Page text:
Oh, and off-topic. Ever wonder what would happen if liberals had to choose between immigrants and wild animals? Check out the comment section of the sfgate.com regarding the three latino homies who apparently taunted a tiger at the San Francisco Zoo and got mauled for their troubles. Even in the ultra-liberal Bay Area, the comments are filled with scorn for the victims and sympathy for the animal-- in language more reminiscent of Brenda Walker than a sensitive liberal. It would seem that despite public appearances, many Bay Area liberals seriously dislike young Hispanic males and seem to like seeing them mauled by a tiger.

Alex said...

I'll have to look at the book again. I certainly don't remember the immigration chapter having much awareness (pro or con, satirically or otherwise) of the world as viewed from isteve.com. It was mostly playing off the usual cliches. But it’s been a while. Did I miss something?

Vic said...

"I've only seen Colbert (and O'Reilly, for that matter) a handful of times in motel rooms."

Hey Steve, I thought you were straight.

Jim O'Sullivan said...

You can't afford cable? Well, maybe it's a blessing in disguise. One less distraction.

Kai Carver said...

That's it. I've seen nasty remarks in this comment section on Jews, women, liberals, Europeans, transvestites. I let them pass. But I cannot accept badmouthing Stephen Colbert.

*helpless splutter*

Watch lots of Stephen Colbert for free on the Comedy Central web site. (That's how I do it: not only do I not have cable, I'm not even in the US). Also maybe watch this hour-long interview of Colbert out of character at the Harvard Institute of Politics. I think he's smart, funny, and has integrity.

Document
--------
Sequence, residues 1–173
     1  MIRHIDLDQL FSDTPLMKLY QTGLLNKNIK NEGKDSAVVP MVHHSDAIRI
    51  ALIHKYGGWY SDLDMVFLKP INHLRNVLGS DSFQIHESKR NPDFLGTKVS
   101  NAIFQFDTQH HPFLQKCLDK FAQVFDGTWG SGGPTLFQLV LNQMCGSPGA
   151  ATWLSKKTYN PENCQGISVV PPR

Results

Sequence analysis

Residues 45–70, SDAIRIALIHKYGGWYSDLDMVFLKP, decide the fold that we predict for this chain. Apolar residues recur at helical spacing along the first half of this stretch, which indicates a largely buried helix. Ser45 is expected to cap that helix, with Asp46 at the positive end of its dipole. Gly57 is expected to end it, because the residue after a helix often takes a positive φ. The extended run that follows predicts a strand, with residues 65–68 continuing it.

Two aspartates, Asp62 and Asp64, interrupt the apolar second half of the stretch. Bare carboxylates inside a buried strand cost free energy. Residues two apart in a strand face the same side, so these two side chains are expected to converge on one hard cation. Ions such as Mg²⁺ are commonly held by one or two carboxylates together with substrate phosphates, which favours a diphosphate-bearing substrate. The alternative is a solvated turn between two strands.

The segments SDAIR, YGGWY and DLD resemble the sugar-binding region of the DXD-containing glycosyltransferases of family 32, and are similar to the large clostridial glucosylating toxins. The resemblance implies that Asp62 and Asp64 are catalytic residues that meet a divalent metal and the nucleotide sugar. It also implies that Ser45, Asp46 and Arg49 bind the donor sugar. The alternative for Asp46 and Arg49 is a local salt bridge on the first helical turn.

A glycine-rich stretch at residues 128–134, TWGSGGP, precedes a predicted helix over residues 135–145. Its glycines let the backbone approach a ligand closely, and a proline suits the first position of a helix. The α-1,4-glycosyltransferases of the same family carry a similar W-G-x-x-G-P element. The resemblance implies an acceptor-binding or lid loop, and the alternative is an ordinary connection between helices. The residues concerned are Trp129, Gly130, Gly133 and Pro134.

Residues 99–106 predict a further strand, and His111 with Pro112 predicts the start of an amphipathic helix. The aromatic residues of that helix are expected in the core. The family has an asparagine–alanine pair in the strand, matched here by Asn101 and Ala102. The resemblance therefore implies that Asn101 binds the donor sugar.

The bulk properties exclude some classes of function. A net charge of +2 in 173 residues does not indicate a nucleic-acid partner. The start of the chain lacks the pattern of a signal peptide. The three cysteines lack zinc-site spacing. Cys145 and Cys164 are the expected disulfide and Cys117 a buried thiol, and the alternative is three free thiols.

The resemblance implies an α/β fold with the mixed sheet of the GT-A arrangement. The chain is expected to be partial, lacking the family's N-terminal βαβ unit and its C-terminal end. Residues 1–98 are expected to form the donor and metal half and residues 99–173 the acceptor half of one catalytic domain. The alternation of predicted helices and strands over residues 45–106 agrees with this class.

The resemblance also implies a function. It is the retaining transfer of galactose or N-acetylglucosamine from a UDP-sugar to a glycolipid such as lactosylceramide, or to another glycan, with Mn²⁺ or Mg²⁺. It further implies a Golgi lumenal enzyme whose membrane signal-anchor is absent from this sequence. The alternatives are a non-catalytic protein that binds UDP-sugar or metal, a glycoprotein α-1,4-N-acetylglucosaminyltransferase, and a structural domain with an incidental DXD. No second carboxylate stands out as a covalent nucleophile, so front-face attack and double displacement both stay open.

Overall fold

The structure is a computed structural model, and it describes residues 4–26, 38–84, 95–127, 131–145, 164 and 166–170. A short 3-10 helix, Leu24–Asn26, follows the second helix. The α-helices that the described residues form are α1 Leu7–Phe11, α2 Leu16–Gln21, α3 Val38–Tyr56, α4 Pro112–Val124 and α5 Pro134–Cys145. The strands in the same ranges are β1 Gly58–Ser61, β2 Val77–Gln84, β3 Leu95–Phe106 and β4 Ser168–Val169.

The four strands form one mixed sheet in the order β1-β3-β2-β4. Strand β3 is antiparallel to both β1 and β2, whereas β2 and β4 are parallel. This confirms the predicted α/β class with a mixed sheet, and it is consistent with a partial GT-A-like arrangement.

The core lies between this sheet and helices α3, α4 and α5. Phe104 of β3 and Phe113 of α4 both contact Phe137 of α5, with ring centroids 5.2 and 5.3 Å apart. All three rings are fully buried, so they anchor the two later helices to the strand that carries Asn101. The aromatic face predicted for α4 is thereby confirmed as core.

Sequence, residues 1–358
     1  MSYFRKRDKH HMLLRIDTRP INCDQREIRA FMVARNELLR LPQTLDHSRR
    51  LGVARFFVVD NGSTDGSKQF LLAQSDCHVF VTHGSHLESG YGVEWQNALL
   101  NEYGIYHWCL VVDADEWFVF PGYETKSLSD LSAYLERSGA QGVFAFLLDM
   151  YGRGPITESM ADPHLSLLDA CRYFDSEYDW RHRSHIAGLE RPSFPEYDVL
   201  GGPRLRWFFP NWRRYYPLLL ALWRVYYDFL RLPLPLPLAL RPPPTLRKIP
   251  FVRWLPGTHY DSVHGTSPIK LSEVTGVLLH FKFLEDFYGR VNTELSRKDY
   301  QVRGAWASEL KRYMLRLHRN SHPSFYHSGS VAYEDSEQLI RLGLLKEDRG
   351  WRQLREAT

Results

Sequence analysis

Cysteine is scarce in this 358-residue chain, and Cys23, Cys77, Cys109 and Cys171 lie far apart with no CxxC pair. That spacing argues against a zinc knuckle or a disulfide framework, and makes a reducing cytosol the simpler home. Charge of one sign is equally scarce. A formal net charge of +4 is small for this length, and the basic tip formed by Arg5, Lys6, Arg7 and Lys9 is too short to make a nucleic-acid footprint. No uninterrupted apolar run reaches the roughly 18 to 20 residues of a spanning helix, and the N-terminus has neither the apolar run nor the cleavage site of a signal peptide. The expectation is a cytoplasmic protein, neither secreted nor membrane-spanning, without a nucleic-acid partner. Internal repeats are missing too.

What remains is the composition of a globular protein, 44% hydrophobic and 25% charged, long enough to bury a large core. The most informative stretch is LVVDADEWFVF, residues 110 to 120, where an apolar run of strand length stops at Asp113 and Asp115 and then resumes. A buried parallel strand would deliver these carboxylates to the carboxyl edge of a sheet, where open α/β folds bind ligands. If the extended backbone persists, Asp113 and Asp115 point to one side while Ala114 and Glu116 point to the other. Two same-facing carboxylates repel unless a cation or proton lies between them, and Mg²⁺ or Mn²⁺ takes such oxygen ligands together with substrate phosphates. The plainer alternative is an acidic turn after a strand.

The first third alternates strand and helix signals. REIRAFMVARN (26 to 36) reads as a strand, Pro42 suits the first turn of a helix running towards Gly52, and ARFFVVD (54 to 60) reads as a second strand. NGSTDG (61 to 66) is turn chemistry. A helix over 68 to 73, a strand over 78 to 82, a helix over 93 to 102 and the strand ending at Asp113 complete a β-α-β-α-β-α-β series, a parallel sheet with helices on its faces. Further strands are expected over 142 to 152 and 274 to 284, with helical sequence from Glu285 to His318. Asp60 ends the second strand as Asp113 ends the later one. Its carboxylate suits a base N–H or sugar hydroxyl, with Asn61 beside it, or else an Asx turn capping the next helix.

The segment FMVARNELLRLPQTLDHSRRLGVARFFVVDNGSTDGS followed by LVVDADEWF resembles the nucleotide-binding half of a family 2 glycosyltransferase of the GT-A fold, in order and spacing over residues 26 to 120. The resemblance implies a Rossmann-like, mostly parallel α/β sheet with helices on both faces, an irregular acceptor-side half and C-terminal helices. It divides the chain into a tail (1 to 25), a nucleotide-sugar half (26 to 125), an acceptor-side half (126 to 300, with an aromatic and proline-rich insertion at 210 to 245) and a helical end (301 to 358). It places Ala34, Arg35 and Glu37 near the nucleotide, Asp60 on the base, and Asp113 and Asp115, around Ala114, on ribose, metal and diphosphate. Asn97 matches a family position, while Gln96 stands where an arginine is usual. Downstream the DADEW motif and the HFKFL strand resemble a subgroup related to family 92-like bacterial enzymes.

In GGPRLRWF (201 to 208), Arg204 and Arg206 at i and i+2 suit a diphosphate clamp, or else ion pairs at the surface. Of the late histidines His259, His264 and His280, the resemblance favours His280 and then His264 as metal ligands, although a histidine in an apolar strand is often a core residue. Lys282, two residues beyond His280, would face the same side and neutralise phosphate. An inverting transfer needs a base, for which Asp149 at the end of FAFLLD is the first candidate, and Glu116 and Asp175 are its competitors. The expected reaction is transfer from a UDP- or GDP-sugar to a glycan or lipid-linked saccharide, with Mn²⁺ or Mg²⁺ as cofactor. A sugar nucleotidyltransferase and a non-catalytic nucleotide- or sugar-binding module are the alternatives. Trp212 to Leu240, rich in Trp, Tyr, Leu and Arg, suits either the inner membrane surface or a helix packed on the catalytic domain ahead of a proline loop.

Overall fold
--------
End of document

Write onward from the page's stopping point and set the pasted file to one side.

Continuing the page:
He says most of his family is Republican. Maybe that's why he has a good (and sometimes sympathetic?) ear for right-wing concerns. Maybe his old This Week In God skits were so funny because, unlike most people in his business, he genuinely finds religion worth thinking about.

(By the way, I leafed through the book and didn't find it funny)

PhillyGuy said...

Steve, like you, Colbert also likes to talk about whether Obama is black enough. Last February he had Debra Dickerson, an African-American lawyer and author of "The End of Blackness" (haven't read it, but I'm sure it's very deep and profound ;-)on his show.

Dickerson said that although his father is of Kenyan decent, Barack Obama isn't black. She supported her stance by saying that because Obama is not the descendant of west African slaves who were brought here against their will, he somehow is not "black" and needs to be called, in her words, "something else."

Colbert proceeded to make a fool of the mental midget he was interviewing by pointing out the irony of Dickerson's attack on Obama's validity as a member of the African-American community "not by the color of [his] skin, but by the content of [his] character." Hillarious stuff and a subject you have written about ad nauseum.

As to Colbert in general, he is a liberal, but is generally funny and irreverant and willing (to some extent) to take a poke at leftists as well as conservatives (unlike John Stewart, who is simply a rapid left-wing ideolouge and Democratic Party hack whose humor is simply indigestible and annoying if you're not a Daily Cos reading, PC secular progressive type).

Anonymous said...

Jon Stewart's real name is Jonathan Stuart Liebowitz. Funny how they still think they have to sound Scotch to get ahead in Hollywood. Funnier than most of Stewart's stuff, anyhow.

Neal Murray said...

Colbert is center-left. Obviously, his entire show is meant as a mockery of a loud, boorish conservative. But he is slightly to the right of Stewart; as someone said earlier, he is southern and Christian, and I have noticed him making some light jabs at feminism during interviews. There are times, if you study him long enough, where you can tell he's speaking for himself during an interview.

Though I cannot say if Colbert draws from you, his character actually reminds me more of the "righteous right" type. For instance, when the topic of race comes up, he hilariously says: "i don't see race. People tell me I am white".

That is essentially David Frum/Podhoretz/NR nowadays.

LBU said...

On 12/29/07 "Anonymous" wrote: "Jon Stewart's real name is Jonathan Stuart Liebowitz. Funny how they still think they have to sound Scotch to get ahead in Hollywood."

I'd just like to point out that if Jon were trying to sound Scots (the only thing you're allowed to call "Scotch" in Scotland is the whiskey), then our hero would have kept the original "Stuart", which is verra verra Scots, and not "Stewart", which is English.